In October of 1979 I was serving as a weapons platoon leader with the First Infantry Division at Fort Riley, Kansas. We were on the second day of a four-day field problem in the far corner of the post. The weather was kicking up an early taste of winter as I rode in my jeep to the battalion headquarters located in a series of large tents. I went in and began to warm my hands over the small field stove and turned my attention to a meeting led by our battalion executive officer, Major Fred Wong. The XO was a no nonsense professional soldier who used every encounter with lieutenants as an opportunity to teach. Today, we would be receiving quite a shock. Our unit had been identified by Department of the Army as a candidate for a short-notice full scale test deployment to Germany. The mission, called Distant Thunder, would require us to do all the logistical and administrative preparation for such a move followed by the possible actual movement to Europe. I began making a mental checklist of all that would be required. Because my company commander was back in garrison for an appointment I was the ranking officer for the company. I was nearly overwhelmed with the “need to do first” lists I was making in my head. The meeting broke off, I caught my breath, and headed for the jeep.
When I first approached my company area, I noticed that several soldiers were taking refuge from the cold in vehicles or hex-tents. Feeling the need to get the company re-oriented to the first steps of that possible mission, I began making a circuit to visit each group and get them moving. As I entered one tent I found one of my 81mm mortar crews huddled around a radio. When I figured out what was being broadcast, Distant Thunder fell away and I instantly plugged into the activity. With all the field work, I had nearly forgotten that the World Series, which normally would be on my front burner, was in progress. I inquired about the score and the response was “Our Pirates are winning!” My mind was jarred, these were after all, MY Pirates…until I recalled that the entire gun crew, Puerto Ricans all, may also have a claim to my team as well.
I let them know we shared a loyalty and they began to ask questions. “Did you go to games when you were a kid?” “Most certainly.” Then Sgt. Mendez, asked in a hushed and reverential tone, “Did you ever see Roberto Clemente play?” “Ahh, yes, many times.” The soldiers fell into a reverential hush as I related some specifics I could recall with clarity like the time Jerry Lynch of the Reds took a big turn after hitting a single to right only to turn around and find that Roberto had thrown behind him and picked him off. My favorite was the story of the Bucs trailing the Astros 6-0 and Roberto leading off the 7th inning with what should have been a lazy single to center. He burst from the batter’s box and tore into second. The momentum of the game changed and the Bucs won. Mendez took out his wallet and produced a stack of “saints cards” the type carried by some Catholics everywhere. Among the canonized was a card featuring a post-impressionist image of Roberto. He said he bought it at the museum to Clemente in his hometown. There was something about the picture, but I could not imagine what it was. Time to proceed with the mission at hand.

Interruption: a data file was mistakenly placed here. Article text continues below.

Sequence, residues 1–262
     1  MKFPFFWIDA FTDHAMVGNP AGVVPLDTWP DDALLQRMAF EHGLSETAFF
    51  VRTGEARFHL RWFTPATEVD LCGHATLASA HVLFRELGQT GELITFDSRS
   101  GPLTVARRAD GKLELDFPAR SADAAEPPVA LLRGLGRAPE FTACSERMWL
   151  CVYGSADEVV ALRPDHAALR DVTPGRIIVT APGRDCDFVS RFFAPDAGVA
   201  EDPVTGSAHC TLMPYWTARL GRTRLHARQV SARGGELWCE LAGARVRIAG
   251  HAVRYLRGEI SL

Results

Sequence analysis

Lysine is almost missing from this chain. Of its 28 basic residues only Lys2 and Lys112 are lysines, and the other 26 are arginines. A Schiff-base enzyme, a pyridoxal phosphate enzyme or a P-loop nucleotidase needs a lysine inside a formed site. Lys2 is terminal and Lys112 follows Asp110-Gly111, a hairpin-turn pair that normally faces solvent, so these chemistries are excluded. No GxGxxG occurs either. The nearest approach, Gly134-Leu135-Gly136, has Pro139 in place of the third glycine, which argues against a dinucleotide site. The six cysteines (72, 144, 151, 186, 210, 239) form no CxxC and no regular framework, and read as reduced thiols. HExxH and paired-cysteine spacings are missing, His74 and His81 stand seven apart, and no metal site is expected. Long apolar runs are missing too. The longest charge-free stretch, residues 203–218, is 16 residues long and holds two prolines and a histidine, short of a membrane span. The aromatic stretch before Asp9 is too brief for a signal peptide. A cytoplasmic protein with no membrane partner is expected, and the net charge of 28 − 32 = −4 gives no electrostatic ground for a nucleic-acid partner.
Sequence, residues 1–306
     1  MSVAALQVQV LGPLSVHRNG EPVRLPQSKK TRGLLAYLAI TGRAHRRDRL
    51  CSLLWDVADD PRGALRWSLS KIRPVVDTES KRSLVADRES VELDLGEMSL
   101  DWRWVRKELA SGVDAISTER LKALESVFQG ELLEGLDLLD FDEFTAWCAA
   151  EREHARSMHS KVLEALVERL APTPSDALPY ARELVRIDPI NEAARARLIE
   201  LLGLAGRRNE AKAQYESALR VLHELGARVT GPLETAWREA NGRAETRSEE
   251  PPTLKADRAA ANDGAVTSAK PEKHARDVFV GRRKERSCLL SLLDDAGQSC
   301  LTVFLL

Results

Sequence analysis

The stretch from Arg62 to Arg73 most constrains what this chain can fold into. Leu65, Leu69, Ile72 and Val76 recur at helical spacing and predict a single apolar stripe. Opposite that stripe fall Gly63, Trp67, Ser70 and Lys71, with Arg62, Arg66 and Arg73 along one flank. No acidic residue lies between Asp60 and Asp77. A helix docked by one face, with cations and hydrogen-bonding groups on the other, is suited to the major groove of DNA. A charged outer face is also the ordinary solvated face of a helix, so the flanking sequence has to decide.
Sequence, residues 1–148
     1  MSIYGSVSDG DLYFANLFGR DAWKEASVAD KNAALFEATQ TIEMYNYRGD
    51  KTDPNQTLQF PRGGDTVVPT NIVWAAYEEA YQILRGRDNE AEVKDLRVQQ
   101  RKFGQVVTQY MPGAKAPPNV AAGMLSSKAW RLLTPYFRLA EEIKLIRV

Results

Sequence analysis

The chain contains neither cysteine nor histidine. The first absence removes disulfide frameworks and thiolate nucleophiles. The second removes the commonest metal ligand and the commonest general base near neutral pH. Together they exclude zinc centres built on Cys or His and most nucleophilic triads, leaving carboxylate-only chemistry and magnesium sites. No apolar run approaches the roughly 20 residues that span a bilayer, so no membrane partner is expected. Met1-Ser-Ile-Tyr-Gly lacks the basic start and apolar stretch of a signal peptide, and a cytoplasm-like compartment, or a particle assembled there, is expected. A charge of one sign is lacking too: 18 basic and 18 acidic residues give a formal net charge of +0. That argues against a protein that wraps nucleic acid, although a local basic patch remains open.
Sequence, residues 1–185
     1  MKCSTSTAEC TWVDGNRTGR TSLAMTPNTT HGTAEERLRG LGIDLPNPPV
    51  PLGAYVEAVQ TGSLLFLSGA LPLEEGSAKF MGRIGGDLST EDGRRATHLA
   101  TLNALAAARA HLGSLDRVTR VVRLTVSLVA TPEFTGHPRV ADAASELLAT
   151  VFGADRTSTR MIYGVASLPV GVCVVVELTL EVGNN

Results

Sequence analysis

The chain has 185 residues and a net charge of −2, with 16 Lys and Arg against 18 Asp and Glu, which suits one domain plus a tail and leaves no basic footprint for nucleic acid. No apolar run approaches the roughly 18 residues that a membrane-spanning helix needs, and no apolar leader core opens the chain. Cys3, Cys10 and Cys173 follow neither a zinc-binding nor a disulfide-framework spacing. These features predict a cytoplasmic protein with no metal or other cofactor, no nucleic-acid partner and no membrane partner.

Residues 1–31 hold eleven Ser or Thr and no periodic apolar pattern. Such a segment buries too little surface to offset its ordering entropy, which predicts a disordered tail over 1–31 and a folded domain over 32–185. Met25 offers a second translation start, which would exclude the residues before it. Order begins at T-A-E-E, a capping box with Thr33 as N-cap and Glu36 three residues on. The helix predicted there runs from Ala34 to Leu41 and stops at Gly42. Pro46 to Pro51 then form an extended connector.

We did not deploy. The Pirates won the series. Months later, while going through boxes of memorabilia at my mother’s house, I dutifully piled old editions of my high school paper, The Knight Times, for burning. There seemed to be no merit in keeping my old accounts of sports events that I covered for the paper so I proceeded to cut down on clutter. But as I piled up trash, one edition caught my eye. I remembered the story I was reading but… could this be possible? I did remember that classmate, artist and baseball fan, Phyllis had painted a portrait of her favorite ballplayer and taken it to a game and presented it to Roberto Clemente where it was received with admiration. Now I could see that the picture in the school paper was indeed the same image I had seen on that card. Somehow, the portrait must have made its way to the museum in Puerto Rico. Someone must have judged that the image was worth producing and selling to the faithful. My section sergeant must have seen that image and wanted to include it in the pantheon of heroes and carry it with him as a treasure where I would see it a dozen years later and a thousand miles from home.